Felix Salmon offered a less enthusiastic endorsement than Wired:
“In many ways, Andreessen’s entire fortune has been built on the greater-fool theory: if you build something trendy enough, there’s probably going to be a huge lumbering company out there somewhere willing to overpay for it. Hence the buzziness of the Wired interview — clouds! social! SAAS!”
Felix Salmon in “The Problem with Marc Andreessen“
Salmon’s assessment echoes Chris O’Brien 2009 profile, “The Curious Case of Marc Andreessen” written just prior to the launch of Andreessen Horowitz, which triggered a Curious Case of Marc Andreessen Part 2. Some excerpts
And then there’s Marc Andreessen, the businessman, who seems to me to be — how can I put this charitably? — a bit of a dud. […]
I don’t want to imply he’s a failure, because he’s not. But when I look at Andreessen’s business track record, I’m less interested in his checking account than the financial statements of his companies. As far as I can tell, Andreessen has never started or operated a profitable business, with one exception: Netscape turned an annual profit, back in 1996 when it posted a $19 million profit. Of course, that was when the company still charged you $49 to buy a copy of Netscape Navigator. Once Microsoft started giving its Explorer browser away for free, that was all she wrote. Andreessen and Netscape couldn’t figure out another business model, and vanished a couple of years later in a complex deal with Sun Microsystems and AOL that was announced November 1998.
Andreessen’s reputation has only risen as he has emerged as a leading angel investor for the Web 2.0 industry, advising or investing in companies like Facebook and Twitter. These companies reflect the philosophy of service and technology over revenues and profits.
Of course, at some point, these priorities have to change. A company has to actually make money. Innovation can’t be sustained by creating a venture-backed Ponzi scheme where one money-losing start-up is sold to another, which is then sold to another.
Losing money indefinitely isn’t just a financial failure. It represents a failure to truly understand how a service or product is creating value for a customer, how to communicate that value, and how to persuade the customer to pay above and beyond for that value.
That, all too often, is where the valley still falls short: Failing to innovate around the business to the same degree it innovates around the technology.
Three years after O’Brien’s article his assessment seems prescient.
One of the few times in my life I have had a hardwall office (bedrooms and conferences rented by the hour don’t count) was when I started Full Circle Connections. I printed out posted a number of quotes on one of the walls starting with this one. I have bolded the sentences that resonated directly with my life experiences. You can take more than one day a year to contemplate your life.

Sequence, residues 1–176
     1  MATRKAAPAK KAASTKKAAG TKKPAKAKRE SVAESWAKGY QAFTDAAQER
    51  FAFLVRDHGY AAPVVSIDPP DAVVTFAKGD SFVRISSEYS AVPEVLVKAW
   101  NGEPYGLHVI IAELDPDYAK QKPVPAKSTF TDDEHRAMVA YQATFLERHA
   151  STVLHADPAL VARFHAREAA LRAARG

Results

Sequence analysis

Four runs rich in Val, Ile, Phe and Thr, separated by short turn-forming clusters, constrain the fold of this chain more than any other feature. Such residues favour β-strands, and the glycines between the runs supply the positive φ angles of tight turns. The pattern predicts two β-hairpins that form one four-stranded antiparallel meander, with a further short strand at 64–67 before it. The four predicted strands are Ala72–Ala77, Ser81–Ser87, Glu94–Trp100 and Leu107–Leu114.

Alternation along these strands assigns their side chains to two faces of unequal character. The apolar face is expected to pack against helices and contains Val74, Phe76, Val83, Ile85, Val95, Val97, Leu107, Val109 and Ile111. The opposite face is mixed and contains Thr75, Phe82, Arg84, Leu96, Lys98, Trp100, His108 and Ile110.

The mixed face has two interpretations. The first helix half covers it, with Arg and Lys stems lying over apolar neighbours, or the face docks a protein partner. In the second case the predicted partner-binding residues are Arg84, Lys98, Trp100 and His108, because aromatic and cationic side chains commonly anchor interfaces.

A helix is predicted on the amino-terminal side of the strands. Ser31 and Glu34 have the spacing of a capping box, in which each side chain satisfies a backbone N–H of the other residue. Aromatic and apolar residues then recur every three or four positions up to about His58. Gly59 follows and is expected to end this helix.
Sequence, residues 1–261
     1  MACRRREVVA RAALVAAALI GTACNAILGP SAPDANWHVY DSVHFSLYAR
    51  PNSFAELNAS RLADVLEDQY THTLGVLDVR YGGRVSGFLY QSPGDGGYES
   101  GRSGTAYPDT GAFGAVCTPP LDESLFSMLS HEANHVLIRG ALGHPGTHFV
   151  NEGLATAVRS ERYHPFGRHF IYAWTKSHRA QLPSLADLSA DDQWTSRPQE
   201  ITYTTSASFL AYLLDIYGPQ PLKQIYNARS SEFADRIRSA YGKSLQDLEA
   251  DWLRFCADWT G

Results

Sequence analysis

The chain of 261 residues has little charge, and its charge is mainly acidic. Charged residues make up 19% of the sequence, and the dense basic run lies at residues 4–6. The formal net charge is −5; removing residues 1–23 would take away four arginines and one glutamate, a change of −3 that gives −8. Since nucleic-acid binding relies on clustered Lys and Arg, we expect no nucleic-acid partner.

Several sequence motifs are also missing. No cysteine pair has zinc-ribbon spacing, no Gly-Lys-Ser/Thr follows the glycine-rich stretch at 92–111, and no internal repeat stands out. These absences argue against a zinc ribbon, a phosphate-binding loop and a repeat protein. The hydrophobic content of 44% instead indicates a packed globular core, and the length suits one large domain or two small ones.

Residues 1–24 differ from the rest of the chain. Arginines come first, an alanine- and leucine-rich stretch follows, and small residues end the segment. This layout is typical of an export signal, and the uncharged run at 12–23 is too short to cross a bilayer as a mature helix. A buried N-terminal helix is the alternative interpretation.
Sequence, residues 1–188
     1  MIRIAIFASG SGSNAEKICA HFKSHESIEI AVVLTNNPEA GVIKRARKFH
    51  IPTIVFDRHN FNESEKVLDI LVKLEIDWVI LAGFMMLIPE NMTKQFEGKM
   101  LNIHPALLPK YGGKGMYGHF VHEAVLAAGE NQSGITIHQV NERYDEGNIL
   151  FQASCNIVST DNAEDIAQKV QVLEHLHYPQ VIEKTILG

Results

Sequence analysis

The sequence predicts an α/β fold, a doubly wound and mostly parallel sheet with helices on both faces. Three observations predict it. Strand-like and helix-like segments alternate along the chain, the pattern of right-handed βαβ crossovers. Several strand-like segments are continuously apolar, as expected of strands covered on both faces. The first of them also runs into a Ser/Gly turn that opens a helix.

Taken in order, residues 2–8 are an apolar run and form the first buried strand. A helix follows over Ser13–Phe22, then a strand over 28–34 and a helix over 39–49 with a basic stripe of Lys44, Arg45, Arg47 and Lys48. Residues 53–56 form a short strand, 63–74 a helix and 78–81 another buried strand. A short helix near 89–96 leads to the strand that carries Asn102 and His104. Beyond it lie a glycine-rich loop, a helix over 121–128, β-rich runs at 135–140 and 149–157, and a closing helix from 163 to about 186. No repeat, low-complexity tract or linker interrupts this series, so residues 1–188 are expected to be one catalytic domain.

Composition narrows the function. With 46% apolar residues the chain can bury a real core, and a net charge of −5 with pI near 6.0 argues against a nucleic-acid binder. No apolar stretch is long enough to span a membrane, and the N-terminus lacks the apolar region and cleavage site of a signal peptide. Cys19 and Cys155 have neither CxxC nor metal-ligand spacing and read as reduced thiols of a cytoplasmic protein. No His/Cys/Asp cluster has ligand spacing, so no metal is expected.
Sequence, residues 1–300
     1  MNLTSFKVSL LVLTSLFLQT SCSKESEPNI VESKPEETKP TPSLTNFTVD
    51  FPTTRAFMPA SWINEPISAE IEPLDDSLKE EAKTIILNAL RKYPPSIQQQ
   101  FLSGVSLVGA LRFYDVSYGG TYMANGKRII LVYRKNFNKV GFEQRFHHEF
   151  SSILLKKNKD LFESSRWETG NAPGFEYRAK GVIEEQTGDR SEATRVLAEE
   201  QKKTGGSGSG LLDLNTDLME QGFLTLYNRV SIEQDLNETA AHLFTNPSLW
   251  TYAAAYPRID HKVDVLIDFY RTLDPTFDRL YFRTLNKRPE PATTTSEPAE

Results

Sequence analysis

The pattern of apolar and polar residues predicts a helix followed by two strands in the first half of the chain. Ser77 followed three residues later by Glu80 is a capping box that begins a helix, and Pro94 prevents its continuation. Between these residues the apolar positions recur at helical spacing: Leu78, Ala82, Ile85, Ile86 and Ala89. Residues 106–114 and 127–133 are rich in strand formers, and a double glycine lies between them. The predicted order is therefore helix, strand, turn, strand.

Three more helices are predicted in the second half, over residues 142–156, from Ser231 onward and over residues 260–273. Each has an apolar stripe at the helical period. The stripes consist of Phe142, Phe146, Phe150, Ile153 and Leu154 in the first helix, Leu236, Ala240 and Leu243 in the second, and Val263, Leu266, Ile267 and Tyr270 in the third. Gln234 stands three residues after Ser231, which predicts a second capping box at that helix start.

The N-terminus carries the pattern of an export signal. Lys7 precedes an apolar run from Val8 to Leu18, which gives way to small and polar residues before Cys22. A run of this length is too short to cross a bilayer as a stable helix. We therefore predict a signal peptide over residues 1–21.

“There are no few of us who find ourselves washed up on the shores of middle age wondering what happened to that bright promise, asking ourselves why we could never fit in the usual corporate slots, why we have always been our own worst enemies–yet knowing, as we’ve always known, that we are destined to make our mark…somewhere.
Here in Silicon Valley we celebrate entrepreneurship. Rightly so, history may well call this place the greatest entrepreneurial explosion in human history. But in celebrating, we often forget the cost: the dark obsessions, the wrecked families, the career failures. Most of all the terror–the daily depressions and nightly sweats, wondering why, why, you can’t fit into corporate life, why you have to shoot your mouth off and go and do the impolite just because you know its right; then wondering if you really have the courage to risk everything to go it on your own.
The most disturbing and least admitted truth of Silicon Valley is that no one wins all of the time and most of us never win at all. That means someday, perhaps every day, each us of will be battered and tired and running away from our destiny, from what matters most to us.
Just what our destiny is–starting our own company, changing our careers, devoting ourselves to our families–only our hearts can tell us. A spring morning, like this Good Friday, with its hum of redemption and renewal, is a good time to start listening.”
Excerpts from Michael Malone’s “A good day to contemplate the rest of life.” April 17, 1996 San Jose Mercury News
I was in the process of re-assessing my life 16 years ago when I first read Malone’s column. It was good advice then and it’s good advice now. The life I have chosen as an entrepreneur is never easy and it’s never dull. But it doesn’t mean that I don’t also strive to become a better father or a better husband or a better brother or a better son or a better grandfather or a better uncle and or a better friend and or a better neighbor. Because I need to better at all of those roles as well.
The full column is available in Malone’s The Valley of Heart’s Delight: A Silicon Valley Notebook, 1963–2001
“Entrepreneurs start businesses because..they have no choice. Passion and energy drive them on good days and sustain them on bad days.”
Barry Moltz in “You Need To Be a Little Crazy“
Saturday March 24, 9-11am
Ground Floor Silicon Valley, located at 2030 Duane Avenue, Santa Clara,
We are launching new Mastermind groups in response to several requests from entrepreneurs who wanted to form an advisory board of peers with a deeper understanding of each other’s businesses and shared accountability.